By DOUG SCHMITZ
LINCOLN, Neb. – Farm analysts are keeping a close eye on the impact the recent JBS meat processing plant fire will have on the markets.
Elliott Dennis, University of Nebraska assistant professor of agricultural economics and extension livestock marketing specialist, in his column for the Livestock Marketing Information Center, said JBS’ Grand Island, Neb., beef plant fire has similarities to the Holcomb, Kan.-based Tyson Foods plant fire.
On Sept. 13, a fire broke out on the roof of the JBS meat processing plant in Grand Island, Neb. An investigation into the cause of the blaze is currently ongoing.
Dennis said both plants processed about 6,000 head per day, or approximately 6 percent of total daily beef slaughter.
“We learned several lessons from the Holcomb, Kan., fire that could apply to the Grand Island, Neb., fire,” he said. “First, live cattle prices are likely to fall, given the now oversupply of harvest-ready cattle, relative to processing capacity.
“Second, wholesale cutouts are likely to increase as retailers seek to make advance purchases on beef,” he added. “Combined, these will likely widen beef processing margins – something that has been curiously and intensely watched since 2019.”
He said the market will look for two signals to regulate this margin: 1) Will the damaged plant be rebuilt? And 2) How long will the plant be shut down before it will be fully operational?
“In the case of the Holcomb fire, it was about one month before plant damage was fully assessed and announced to be rebuilt, and four months (December 2019) before it became fully operational,” he said.
“Examining the fed cattle price differentials (a pricing strategy in which different prices are set for the same product on the basis of differing customer type, time of purchase, etc.) between the major cattle feeding areas, showed that all areas experienced decreased prices within the first month,” he added.
He said that’s about a 10 percent decline in price relative to prices the Friday before the Holcomb, Kan., plant fire, and were at prices equal to prices the Friday before the fire two months after the fire.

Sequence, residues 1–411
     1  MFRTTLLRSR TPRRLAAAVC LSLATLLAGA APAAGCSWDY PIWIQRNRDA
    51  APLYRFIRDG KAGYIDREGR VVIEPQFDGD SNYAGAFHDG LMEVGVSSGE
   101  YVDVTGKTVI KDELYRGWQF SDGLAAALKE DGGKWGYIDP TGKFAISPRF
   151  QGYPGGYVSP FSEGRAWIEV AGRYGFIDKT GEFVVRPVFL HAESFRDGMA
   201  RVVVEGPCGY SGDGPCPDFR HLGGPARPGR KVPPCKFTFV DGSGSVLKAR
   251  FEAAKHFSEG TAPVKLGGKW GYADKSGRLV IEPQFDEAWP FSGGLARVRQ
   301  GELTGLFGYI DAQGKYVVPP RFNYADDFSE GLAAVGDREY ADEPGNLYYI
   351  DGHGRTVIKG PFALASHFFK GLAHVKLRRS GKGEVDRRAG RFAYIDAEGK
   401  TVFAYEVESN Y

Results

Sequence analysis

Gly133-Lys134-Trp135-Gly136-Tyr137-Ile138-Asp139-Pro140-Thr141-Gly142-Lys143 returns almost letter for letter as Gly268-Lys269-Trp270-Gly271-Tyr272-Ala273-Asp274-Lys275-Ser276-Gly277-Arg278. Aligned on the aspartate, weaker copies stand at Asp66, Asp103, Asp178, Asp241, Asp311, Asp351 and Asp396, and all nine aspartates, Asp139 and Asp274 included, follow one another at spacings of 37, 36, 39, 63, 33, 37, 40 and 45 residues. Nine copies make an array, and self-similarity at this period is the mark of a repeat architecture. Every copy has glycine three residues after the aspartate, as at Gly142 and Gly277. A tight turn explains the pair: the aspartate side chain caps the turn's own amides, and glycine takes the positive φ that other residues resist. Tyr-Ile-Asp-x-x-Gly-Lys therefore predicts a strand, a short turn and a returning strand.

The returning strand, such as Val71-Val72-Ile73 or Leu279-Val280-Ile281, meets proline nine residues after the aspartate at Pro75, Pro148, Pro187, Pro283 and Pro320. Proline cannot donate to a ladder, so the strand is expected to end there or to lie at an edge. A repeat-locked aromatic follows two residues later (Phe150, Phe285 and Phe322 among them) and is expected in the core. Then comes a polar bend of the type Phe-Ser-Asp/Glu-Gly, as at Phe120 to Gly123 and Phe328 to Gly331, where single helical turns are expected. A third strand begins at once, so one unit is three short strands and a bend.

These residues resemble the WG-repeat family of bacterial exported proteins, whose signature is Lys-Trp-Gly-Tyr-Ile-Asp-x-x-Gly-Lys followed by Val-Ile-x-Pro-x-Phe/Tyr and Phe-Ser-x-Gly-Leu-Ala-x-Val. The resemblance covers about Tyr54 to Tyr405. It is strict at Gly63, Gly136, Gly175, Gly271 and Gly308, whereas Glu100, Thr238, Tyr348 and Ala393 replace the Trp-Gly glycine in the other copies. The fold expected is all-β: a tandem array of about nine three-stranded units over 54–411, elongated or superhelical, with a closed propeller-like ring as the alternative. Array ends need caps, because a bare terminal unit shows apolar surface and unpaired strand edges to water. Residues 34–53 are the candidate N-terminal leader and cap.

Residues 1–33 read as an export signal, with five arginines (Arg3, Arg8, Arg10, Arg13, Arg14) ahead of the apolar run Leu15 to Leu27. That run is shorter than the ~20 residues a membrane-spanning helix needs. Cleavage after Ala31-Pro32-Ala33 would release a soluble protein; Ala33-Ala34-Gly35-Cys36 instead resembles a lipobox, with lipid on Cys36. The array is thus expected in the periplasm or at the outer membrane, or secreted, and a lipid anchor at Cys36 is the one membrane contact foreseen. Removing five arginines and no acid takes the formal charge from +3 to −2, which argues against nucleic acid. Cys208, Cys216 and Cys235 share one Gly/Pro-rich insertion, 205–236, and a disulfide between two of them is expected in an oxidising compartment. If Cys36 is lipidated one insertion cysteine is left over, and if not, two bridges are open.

“A similar situation across the different cattle feeding regions could play out for the Grand Island plant fire as well,” he said. “The point of differentiation between the two fires likely lies in available processing capacity pre-fire, and the day on which the fire occurred.
“After the Holcomb fire, Tyson diverted committed cattle to other plants that had excess capacity,” he added. “This showed up in increased Saturday harvest levels as plants ran additional shifts. This was in a pre-COVID-19 era where absenteeism was lower, labor relations were better, and there were no increased OSHA (Occupational Safety and Health Administration) protocols in plants due to COVID-19, and its derivatives.”
He said JBS will most likely try to do the same as the Holcomb plant did in the short run.
“However, given that the processing industry was already running at strained levels of labor levels, how much they will be able to increase Saturday and Sunday kills without losing more labor is left to be seen,” he said. “One positive is that JBS recently reached a new labor contract at their Greeley, Colo., plant, which could help lessen concerns about potential labor shortages.
“Second, the fire also occurred after Labor Day where retailers had already started to back off beef purchases,” he added. “This should work to lessen the severity of any price jump in the wholesale cutout value as there are fewer concerns about wanting to capture consumers’ grilling preferences.”
He said the people who may lose out in the JBS fire aftermath could be feeder cattle producers.
“The fire occurring after Labor Day should lessen the upward price movement in the cutout, but it puts greater pressure on market-ready cattle to be moved out of pens to provide space for weaned feeder cattle to enter pens,” he said.
Although the JBS plant fire primarily affected fed cattle, he said it did influence feeder cattle prices.
“Feeder cattle have already started to enter feedlots earlier than in previous years as drought and reduced forage production has forced some feeder cattle producers to market feeder cattle earlier,” he said.
“If pens continue to stay full, this could reduce the price feedlots would be willing to pay for feeder cattle,” he added. “This, combined with potentially higher feed grain prices, both have the potential for increased downside price movements.”